READING, Pa. -- Caroline Zhang must have felt as if she was an NBA rookie being called for traveling.
Although she felt she made a perfectly fine debut in her first senior-level skating competition, she walked off the ice only to see a scoring monitor that showed five of her jumps were downgraded and two were flawed for edge changes.
If the 14-year-old junior world champion was the only one were this was the case, then one might think the judges were trying to send the rookie a memo about competing in the big league.
But she wasn't the only one who was busted.
All 11 women competing in the free skate at Skate America this afternoon -- including the winner, Kimmie Meissner and reigning world champion Miki Ando -- were penalized for under-rotating their jumps. Six women were called for two or more so-called cheated jumps.
It's not that judges have never dinged a skater for cheated jumps before, it's just that today it seemed as if they were on a mission. And it was odd timing, since the crackdown came in the women's free skate. The men, who were judged by a different panel, didn't seem to encounter the same problem.
Imagine taking a test and then being told what it was going to be about.
"I was surprised to see how many times it was called,'' said Meissner, the U.S. champ said after winning her first Grand Prix title with just three clean triples in the free skate.
Efforts to reach members of the women's judging panel on Sunday were unsuccessful.
Ando actually won the long program with four clean triples out of six attempts, but she wound up second overall. Meissner was the leader after the short program. Despite the apparent flaws in Zhang's programs, she still managed to reach the podium in her Grand Prix debut with 153.35 points. Amazingly, in the free skate she was third, placing just 1.6 points behind Meissner.
Emily Hughes, the U.S. silver medalist, was surprised by her low scores in the short program -- she received the second-lowest technical scores in the field -- and had four clean triples in the long to place fourth overall.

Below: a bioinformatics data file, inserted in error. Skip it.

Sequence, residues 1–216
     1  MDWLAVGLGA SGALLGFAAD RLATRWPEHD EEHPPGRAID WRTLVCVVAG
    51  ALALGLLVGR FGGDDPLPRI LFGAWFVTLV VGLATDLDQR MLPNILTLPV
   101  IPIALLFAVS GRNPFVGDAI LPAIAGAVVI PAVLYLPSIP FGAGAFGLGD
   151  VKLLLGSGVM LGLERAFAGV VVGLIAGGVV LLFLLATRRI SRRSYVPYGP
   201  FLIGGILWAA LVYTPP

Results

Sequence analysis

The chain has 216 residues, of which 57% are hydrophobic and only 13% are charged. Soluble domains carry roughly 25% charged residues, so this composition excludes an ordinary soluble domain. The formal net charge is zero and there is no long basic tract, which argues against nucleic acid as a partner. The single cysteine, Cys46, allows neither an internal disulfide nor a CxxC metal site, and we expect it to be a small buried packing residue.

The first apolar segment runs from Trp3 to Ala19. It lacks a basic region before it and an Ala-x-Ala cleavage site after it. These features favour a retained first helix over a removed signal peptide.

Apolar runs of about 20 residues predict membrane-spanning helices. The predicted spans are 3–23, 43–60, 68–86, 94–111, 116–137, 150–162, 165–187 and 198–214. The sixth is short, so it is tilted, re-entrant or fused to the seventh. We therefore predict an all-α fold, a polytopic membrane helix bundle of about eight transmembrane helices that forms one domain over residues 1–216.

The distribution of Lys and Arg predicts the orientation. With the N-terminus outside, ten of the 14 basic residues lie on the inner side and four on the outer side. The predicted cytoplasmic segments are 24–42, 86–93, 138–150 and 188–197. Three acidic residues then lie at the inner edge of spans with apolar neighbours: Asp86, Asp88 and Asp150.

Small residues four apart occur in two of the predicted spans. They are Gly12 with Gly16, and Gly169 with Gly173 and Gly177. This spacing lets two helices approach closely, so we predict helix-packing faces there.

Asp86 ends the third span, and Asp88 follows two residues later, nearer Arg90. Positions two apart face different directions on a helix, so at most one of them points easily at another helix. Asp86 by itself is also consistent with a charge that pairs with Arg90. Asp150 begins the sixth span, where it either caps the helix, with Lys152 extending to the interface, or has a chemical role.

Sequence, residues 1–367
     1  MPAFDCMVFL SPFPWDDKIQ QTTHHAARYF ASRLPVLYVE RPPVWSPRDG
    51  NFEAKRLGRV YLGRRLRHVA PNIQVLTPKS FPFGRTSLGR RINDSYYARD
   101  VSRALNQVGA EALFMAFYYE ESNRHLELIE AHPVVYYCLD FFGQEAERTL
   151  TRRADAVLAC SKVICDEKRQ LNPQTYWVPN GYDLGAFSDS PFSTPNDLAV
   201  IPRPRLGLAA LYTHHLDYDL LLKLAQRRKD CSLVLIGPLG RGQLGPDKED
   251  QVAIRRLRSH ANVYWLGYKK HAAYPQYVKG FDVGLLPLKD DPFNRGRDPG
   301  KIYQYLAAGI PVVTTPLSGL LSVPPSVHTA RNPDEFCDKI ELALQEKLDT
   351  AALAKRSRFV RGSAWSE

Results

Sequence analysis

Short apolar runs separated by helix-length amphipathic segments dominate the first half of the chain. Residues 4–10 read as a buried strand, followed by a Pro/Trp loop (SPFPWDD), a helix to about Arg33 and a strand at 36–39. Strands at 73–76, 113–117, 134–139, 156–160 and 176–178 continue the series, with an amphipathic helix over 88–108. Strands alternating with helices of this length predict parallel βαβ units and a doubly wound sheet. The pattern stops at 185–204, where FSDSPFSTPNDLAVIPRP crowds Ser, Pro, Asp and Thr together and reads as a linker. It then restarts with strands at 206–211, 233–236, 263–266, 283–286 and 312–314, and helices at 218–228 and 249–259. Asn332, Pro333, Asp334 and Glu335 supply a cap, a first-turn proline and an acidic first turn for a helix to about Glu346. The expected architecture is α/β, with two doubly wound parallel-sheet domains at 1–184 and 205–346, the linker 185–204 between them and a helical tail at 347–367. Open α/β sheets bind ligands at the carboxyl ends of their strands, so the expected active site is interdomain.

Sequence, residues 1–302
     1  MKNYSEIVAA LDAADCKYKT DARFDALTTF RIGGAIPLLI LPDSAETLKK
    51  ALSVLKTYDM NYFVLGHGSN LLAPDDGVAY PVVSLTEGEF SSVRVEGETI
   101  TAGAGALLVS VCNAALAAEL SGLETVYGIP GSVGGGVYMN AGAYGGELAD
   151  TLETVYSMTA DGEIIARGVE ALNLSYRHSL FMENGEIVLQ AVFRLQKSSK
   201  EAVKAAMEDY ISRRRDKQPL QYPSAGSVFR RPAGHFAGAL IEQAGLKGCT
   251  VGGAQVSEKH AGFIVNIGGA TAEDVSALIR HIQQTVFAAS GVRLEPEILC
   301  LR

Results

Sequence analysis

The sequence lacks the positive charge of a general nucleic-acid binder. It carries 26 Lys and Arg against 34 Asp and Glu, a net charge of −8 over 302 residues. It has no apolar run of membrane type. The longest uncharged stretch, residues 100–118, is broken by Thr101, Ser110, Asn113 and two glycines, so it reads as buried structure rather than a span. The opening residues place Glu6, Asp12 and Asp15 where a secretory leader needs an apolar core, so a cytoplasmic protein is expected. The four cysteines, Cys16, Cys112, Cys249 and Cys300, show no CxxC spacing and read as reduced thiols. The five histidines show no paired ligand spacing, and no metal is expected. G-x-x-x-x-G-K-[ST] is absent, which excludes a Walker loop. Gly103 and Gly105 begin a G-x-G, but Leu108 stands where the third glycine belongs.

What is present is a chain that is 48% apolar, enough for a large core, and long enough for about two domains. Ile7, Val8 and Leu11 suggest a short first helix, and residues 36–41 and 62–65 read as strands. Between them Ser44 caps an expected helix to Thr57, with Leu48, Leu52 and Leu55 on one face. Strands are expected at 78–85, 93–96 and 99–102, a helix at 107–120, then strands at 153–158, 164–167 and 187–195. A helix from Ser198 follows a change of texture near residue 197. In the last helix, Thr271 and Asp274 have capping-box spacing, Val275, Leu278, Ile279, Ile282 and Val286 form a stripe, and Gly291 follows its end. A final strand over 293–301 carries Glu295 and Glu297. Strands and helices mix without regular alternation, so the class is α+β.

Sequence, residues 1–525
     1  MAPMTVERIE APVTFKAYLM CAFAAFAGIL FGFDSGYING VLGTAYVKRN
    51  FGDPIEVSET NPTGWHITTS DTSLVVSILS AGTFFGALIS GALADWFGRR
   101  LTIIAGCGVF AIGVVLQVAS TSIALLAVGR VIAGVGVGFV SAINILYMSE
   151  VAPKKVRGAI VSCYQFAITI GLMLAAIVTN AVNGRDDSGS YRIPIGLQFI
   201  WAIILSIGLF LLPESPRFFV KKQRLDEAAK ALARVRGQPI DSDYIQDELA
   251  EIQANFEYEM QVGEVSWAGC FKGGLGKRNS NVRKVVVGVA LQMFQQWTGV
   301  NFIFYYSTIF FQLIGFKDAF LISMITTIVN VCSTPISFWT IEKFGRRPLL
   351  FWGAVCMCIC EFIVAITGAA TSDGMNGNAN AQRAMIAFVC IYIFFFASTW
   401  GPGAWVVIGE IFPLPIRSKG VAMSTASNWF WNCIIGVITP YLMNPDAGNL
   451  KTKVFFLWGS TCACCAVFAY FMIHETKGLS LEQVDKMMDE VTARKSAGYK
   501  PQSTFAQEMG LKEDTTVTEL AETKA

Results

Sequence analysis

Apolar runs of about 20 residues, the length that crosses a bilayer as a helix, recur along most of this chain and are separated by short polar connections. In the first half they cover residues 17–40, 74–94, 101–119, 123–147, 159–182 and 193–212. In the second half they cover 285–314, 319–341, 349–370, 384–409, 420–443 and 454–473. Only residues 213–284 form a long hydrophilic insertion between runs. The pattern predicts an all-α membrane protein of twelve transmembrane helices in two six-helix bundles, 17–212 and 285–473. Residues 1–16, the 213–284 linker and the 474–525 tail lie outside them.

Pam Gregory, who coaches Meissner, said she had a bit of a heads up that this might be an issue over the summer when some judges came to check out Meissner's programs. But no one was expecting the judges would be so critical.
"They said these things the last couple of years but this year, they're actually enforcing it,'' Gregory said.
At International Skating Union events, there are members of the judging panel whose job is to analyze each element in the program. They are the technical controller, the technical specialist and an assistant technical specialist. The 10 judges then evaluate the quality of those elements.
Of all of the skaters at this event, Zhang was, by far, the most penalized. Zhang won over the crowd in the Sovereign Center for her moxie -- she opened her first senior program with a triple-triple combination -- and for her yoga-like spin positions. But she had deductions. In the long program, only one of Zhang's seven planned triples, a triple flip, was deemed clean.
"I was surprised by that,'' Zhang said of the downgrades. "I didn't really expect it, but I need to work harder.''
Li Mingzhu, who has coached Zhang for four years, said Zhang had never been penalized for having cheated jumps in the junior ranks.
"I'm surprised, yeah, but I have to review everything,'' Li said.
The difficult part for the skaters is that some of them, like Hughes, will have a week to make any necessary amends. Her next Grand Prix is in Quebec City Nov. 1-4. Zhang will compete in Beijing Nov. 8-11. Meissner's next competition is in Paris Nov. 15-18.
The one good thing for the skaters is that at least there was consistency to the judges' critiques. Everybody got into the act.
The bad news is that the skaters will have different judging panels at every Grand Prix. Will the one in Quebec City be like the one in Reading? Will the one in Paris be as harsh as the one in Beijing?
Nothing in figure skating judging, as evidenced at the 2002 Olympics in Salt Lake City, is ever clear. And as usual, the forecast for the sport is very cloudy.
Amy Rosewater, a freelance writer based in Baltimore, is a frequent contributor to ESPN.com.